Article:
The Chamber loves mandatory arbitration. The Chamber represents big business. Big business hates juries. Too much unpredictability with jury verdicts.
Here’s an example of how mandatory arbitration clauses work. Say you hire a lawyer. Then you decide you have to sue your lawyer. Perfectly within your rights to do so as long as you have a valid cause of action. If the contract that you signed with your lawyer has an arbitration clause, you would be precluded from having your case heard by a jury. Arbitration clauses typically spell out in small print where, when, how, and by whom your legal dispute can be heard. Arbitration clauses carve out the litigants’ rights and favor the drafter of the contract. That’s why the Chamber likes these contracts. The Chamber hates trial lawyers and hates litigation.
The skiing story is just part of the Chamber’s “Faces of Lawsuit Abuse” campaign which will include the Scott Swimm video clip as well as others coming to movie theaters near you, which will be shown as pre-movie shorts. The Chamber has a lot of money to put into campaigns like this.
Here’s the rest of the skiing story. The plaintiff in the case, through his lawyers, sued the boy’s father for “negligent supervision”. This is a well recognized cause of action in the law. The boy was skiing with his father at the time. The parents’ homeowners insurance company, which protected the Swimms for negligence claims, settled with the plaintiff. The parents were reluctant to settle because they wanted to sue Mr. Pfahler because a) Scott’s father claimed that the plaintiff assaulted his son,( from the video depicting the collision on the slopes it appears as though the parents are claiming that Pfahler grabbed the boy after the collision and b) the parents wanted to keep the option open to allow Scott to sue Pfahler for some sort of abuse of process claim.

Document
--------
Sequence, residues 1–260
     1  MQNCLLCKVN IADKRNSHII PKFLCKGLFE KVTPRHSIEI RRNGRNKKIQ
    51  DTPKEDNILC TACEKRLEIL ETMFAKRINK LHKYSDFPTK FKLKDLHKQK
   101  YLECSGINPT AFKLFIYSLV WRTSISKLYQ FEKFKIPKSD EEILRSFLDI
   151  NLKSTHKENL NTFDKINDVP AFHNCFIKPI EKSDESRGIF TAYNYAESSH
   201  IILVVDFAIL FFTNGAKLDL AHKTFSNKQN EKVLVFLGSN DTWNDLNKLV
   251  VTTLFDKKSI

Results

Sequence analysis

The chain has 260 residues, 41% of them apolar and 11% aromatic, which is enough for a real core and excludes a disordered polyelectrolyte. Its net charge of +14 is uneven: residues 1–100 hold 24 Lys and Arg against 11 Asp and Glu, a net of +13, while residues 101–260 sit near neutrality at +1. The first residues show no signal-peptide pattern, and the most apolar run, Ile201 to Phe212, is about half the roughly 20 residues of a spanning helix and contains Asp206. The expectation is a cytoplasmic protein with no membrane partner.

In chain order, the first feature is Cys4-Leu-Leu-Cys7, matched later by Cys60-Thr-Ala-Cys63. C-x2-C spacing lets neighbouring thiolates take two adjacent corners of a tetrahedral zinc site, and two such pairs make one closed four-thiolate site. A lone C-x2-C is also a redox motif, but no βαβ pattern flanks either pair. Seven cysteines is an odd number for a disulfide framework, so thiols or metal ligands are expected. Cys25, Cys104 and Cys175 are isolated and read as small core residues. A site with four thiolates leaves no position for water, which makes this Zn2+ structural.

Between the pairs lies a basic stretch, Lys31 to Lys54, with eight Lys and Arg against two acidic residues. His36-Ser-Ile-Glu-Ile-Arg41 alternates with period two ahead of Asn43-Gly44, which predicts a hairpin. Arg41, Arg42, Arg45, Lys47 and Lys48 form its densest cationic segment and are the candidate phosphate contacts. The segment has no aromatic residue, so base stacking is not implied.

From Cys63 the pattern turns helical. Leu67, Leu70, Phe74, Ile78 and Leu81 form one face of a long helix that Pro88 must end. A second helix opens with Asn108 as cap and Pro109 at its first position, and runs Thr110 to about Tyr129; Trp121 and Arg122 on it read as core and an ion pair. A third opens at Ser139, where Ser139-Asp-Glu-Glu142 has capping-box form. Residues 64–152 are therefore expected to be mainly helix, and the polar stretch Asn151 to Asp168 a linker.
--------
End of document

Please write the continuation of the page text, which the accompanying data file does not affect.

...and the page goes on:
Pfahler’s claim may seem distasteful but it sure sounds as though he had a valid cause of action.
Pfahler’s Denver attorney, Jim Chalat of Chalat Hatten & Koupal, has been quoted as follows:
“The national outrage the case has stirred is unjustified because it was a very clear violation under the Colorado Ski Safety Act. The Colorado Ski Safety statute specifically provides that skiers have to ski in control, look where they’re going and avoid people and objects below them,” Chalat said. “It doesn’t matter if you’re 8, 18 or 80, you still have that same duty of care.”
To me, the Chamber’s video is a bit over the top. It’s also a bit ironic that the parents wanted to be able to file suit themselves, but they criticize the plaintiff’s right to do so. They are critical of the process, as is the Chamber, but wanted the process to be available for them. That process includes the examination of fact witnesses at depositions conducted by lawyers for both sides in the presence of a stenographer. The competency and credibility of witnesses, including minors, is evaluated every day in courtrooms across the country by juries, and by lawyers and insurance companies who evaluate cases. Children can, and are, as in the case of Scott Swimm, witnesses to events, and their recollection of those events is part of the evidence.
Remember, this was really a claim for negligent supervision against the parent, Robb Swimm. And remember, the Chamber has a hidden agenda which includes reducing the number of cases that can be heard by juries.
Here’s the video.
Stuart A. Carpey, who has been practicing as an attorney since 1987, focuses his practice on complex civil litigation which includes representing injured individuals in a vast array of personal injury cases.